AUSTIN, Texas (FOX 7 Austin) - A bill filed in the Texas legislature would create some restrictions on electric scooters throughout the state. Senate Bill 549 would set some basic scooter laws and allow cities to create more restrictive policies if they so choose.
The Transportation Committee heard the bill earlier this week and did not take action on it, but the bill's author, State Senator Royce West, D-Dallas, expects it will be voted out of committee next week.
Most people have already made up their mind about electric scooters.
Now, Texas lawmakers are ready to weigh in.
“Well, they have largely gone unregulated thus far,” said West. West said he watched as scooter riders were almost hit by a car during SXSW and knew something had to be done.
“When you have two people riding on a scooter downhill, what does that tell you? There's need for education because those scooters weren't built to have two people riding downhill in traffic,” West said.
West filed Senate Bill 549 to get some statewide restrictions rolling. “The state should have a bottom base line in terms of what's required and then allow cities to build on that if they so desire,” said West.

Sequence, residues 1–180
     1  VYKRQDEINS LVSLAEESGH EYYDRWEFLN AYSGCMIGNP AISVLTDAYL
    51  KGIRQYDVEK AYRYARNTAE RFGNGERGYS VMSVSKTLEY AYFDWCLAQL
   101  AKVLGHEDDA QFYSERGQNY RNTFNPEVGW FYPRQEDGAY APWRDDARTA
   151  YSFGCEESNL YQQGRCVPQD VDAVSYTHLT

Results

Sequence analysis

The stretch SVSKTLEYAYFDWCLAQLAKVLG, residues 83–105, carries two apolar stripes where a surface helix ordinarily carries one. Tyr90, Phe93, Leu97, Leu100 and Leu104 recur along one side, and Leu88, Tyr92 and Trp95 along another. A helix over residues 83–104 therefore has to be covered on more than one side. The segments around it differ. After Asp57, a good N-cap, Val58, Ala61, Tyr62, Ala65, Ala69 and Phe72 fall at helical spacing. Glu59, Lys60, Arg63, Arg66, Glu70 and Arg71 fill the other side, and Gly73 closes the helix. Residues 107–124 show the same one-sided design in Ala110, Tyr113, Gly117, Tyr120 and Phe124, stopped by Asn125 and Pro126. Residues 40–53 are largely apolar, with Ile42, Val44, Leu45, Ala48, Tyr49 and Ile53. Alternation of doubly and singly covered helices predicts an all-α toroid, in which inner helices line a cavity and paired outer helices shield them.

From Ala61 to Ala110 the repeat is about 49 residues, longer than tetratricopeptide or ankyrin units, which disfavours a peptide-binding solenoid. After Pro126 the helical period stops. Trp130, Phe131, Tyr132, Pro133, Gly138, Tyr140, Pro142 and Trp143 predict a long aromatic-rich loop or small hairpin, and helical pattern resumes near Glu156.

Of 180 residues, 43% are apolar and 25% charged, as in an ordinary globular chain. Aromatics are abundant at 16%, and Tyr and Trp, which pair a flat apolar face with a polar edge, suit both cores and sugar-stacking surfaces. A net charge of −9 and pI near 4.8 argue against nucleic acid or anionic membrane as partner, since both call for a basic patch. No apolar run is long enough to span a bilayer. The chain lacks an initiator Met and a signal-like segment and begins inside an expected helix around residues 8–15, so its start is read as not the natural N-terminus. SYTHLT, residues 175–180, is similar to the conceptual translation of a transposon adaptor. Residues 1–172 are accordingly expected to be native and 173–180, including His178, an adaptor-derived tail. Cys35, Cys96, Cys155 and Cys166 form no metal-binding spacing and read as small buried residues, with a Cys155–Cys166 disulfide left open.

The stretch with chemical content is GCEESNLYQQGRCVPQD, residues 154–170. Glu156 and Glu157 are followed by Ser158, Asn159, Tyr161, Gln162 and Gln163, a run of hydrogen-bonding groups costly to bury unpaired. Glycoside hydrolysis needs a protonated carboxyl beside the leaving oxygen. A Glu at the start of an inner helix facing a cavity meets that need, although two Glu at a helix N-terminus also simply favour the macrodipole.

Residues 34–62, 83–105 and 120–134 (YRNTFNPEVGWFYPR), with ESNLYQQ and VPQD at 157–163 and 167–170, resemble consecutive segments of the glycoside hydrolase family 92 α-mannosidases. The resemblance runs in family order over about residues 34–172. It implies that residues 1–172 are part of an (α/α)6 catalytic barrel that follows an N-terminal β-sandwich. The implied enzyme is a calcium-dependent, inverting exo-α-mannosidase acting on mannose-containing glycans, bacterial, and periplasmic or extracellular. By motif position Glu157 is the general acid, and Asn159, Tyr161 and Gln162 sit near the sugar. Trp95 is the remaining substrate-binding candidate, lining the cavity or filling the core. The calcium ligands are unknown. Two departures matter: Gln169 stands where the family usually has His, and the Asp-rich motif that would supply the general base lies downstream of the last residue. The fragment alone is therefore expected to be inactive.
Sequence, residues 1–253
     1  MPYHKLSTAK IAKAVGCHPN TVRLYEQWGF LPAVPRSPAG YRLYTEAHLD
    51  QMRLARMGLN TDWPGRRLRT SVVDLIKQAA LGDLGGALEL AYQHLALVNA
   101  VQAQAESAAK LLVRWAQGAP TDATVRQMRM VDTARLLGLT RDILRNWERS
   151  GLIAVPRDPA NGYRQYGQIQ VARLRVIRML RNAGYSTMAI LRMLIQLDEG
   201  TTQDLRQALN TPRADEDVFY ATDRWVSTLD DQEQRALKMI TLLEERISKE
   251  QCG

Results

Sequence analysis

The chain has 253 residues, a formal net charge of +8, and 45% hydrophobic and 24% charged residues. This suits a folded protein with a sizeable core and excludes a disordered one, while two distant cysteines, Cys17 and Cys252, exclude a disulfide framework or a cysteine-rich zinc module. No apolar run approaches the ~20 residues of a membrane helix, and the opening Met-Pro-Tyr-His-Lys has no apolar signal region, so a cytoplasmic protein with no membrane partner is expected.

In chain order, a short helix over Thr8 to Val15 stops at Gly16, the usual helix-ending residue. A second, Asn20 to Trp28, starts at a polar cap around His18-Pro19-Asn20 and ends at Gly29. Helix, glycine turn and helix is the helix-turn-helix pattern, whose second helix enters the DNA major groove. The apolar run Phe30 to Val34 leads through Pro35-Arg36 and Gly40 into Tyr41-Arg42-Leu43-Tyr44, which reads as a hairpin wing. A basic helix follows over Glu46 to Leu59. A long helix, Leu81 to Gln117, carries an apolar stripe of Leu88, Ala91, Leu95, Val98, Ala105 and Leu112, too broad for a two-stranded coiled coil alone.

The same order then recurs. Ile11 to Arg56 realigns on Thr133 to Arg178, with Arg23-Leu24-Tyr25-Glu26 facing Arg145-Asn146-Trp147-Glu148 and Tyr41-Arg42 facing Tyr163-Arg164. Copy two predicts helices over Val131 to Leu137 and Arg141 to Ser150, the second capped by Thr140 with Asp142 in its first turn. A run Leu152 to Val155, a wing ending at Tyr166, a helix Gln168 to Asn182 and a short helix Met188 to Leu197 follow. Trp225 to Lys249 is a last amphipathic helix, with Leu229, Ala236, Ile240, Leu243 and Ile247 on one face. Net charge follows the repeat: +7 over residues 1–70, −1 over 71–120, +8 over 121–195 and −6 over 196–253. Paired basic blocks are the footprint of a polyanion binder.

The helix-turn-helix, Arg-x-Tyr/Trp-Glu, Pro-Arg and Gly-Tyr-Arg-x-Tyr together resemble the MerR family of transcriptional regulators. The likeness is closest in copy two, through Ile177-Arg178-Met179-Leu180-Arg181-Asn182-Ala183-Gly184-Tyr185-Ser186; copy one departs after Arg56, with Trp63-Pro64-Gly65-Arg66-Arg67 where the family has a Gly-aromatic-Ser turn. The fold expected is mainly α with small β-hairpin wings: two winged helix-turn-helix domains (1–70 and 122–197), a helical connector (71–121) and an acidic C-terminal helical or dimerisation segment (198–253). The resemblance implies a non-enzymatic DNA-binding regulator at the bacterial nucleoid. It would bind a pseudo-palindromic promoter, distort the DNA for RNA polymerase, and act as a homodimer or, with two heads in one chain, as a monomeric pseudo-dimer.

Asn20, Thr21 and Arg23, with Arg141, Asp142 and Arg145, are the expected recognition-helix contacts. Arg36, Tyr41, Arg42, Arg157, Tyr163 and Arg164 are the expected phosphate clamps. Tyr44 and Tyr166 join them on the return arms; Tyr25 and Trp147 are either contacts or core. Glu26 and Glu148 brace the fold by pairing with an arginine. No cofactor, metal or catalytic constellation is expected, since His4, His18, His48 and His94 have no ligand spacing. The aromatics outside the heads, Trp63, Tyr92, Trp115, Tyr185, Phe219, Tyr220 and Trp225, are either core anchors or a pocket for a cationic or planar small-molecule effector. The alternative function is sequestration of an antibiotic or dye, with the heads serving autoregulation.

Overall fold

The bill would require riders to be at least 16-years-old and have a driver's license. “I'm still 23 and I still feel like these are very dangerous to me, so, being 16 years old, these would definitely probably need an age limit somewhere,” said Desire Marchitello who rode an electric scooter Thursday.
Only one person could be on a scooter at any given time. The devices would need to stay off the sidewalk and in bike lanes or the side of the street, however, any road with a speed limit over 30 mph would be off limits. “I think I would feel less safe in the street with a car, you feel like the sidewalk helps you out more,” said Brook Cornelius, who has experience riding electric scooters.
There would also be a 15 mph speed limit for scooters. “Even 12 mph is just too fast,” Marchitello said.
“I think it would take the fun away,” said Cornelius.
The bill includes options for counties or cities too. Like making speed limits more restrictive, banning scooters from certain locations, creating parking rules, and requiring helmets. “I don't think that's what we should be getting into here at the legislature. We should leave that to cities,” West said.
“Helmets? Nah. I think helmets as a regulation, it's up to the person, because it's on you, basically,” said Marchitello. The Austin Transportation Department has already drafted scooter regulations of their own. City Council will discuss and vote on those restrictions by May 23.